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JAL3

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In checking my club's flight cards for the last 2.5 years, I find that there have been 8 MMX launches. All of them were done by me. I have tried to see if there was any interest in an informal MMX contest of some type on several occasions and there was not. In delving a bit deeper, I learned that MMX was not disdained because of its diminutive size, it was shunned because of the hassel, real and perceived, of flying them. That was an attitude I shared myself. Every time I thought about building or flying one, I usually gave it up as too much hassle.

That is especially true of the ground support equipment. The silo launchers are problematic and I have had only one good launch off of one. The rest of the time I have had to kludge something together, cross my fingers and hope it works. It sometimes even does.

This is not to say that there are not some great MMX GSE ideas out there. There are. They just don't strike me as worth the effort. I finally decided to see if I could design something to take some of the hassle out of it and make it fun. In effect, with a minimum of effort, I want to be able to treat an MMX rocket like any other. Go out to the assigned pad, hook it up, walk away and have reasonable confidence that the rocket would launch. I wanted to be able to do this without lengthy preparation of special consumables. In order to do it, I was willing to invest some time, effort and money into making such a system.

The basics that I wanted to accomplish are these:
Build the project with readily available parts; no machining or milling.
Be able to use any of the common igniter options without having to switch gear
Be dependable; the same ration of successful launches as will the bigger gear.
No hassle, perceived or real.


I have some basic ideas in mind that I will develop over the course of this project but would appreciate advice and comments from those with more experience in this area.

The first thing I would like to hear is what is considered a "comfortable spacing" between individual launch stations. How much linear space to I need to dedicate to each pad so that multiple flyers can set their rockets up at the same time without falling over each other?
 

Micromeister

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John:
I just don't know where to begin!

I've been flying micros since they were introduced. I think I used one of the silo launchers exactly one time before realizing it's the 9v battery and the plug in igniters that were the problem.

There are any number of ways around the silo base problems. The MicroMaxRockets Yahoo group files section is LOADED with a number of ways to either alter the old silos, constructed simple easy alternatives or make Add-on or Slip over launcher bases that attach or slip over a standard 1/8" launch rod allowing the rod to be used normally or with the micro .049" micro rod without changing any other item on the rack.. as a matter of fact at our club some folks use the silpover base as the standoff clip:)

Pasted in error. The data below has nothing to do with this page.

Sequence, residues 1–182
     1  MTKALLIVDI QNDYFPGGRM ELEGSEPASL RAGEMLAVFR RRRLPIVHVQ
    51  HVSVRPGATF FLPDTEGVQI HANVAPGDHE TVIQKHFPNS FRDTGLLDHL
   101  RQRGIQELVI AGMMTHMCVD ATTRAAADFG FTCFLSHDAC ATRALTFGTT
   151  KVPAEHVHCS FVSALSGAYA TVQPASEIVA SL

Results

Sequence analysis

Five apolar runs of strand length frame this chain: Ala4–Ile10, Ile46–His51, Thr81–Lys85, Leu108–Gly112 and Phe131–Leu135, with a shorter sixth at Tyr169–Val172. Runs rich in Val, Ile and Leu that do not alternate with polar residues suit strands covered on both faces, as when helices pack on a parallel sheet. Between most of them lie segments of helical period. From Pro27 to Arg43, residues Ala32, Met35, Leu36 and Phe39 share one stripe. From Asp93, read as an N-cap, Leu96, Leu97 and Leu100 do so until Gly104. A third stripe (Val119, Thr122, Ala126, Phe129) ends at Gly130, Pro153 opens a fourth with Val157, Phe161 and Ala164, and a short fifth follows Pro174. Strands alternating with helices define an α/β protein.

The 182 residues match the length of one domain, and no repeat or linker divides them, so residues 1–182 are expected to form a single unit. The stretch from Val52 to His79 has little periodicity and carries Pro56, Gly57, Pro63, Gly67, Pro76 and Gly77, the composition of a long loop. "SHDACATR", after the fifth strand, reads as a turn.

Jim flis has a spent motor casing slip over on his web site, I've been using something similar for years. it's a spent casing with a 1/8" x 2" Launch lug on one side and a .049" music wire x 12" long micro rod epoxied to the opposite side. allows the model to be suspended over the edge of the casing Works like a dream.

but I've moved Well beyond that, I devised a very simple 2.5" x 4" x about 1/2" alum and Acrylic Micro Launcher base that was originally designed to clamp onto the end of our standard Rack launcher, but as long since been adjusted by using a standard 1/4-20" tap to attach to a lightweight Digital camera Tripod I picked up for 6 bucks. To this base I can thumbscrew any number of accessories can now be added including several types of Tower launchers, Various launch rod combinations for gliders, Pistons, or just used with a single .049" rod for everyday type launching. This base and tripod have become my workhorse launcher.

For the clubs I belong to I've fabricated flat 1/4" alum. Slip over attachments with Z bent .049" x 12" rods that again slip easily onto any standard 1/8" launch rod, have a cut-out that will accept the standard "old time" Plug igniters or hold any other type you'd like to use and a hole the allows the microclip leads from the host launcher to be supported so as to take some of the weight off the igniter leads. These have been used at several Regionals, and I believe were present at the Naram-51.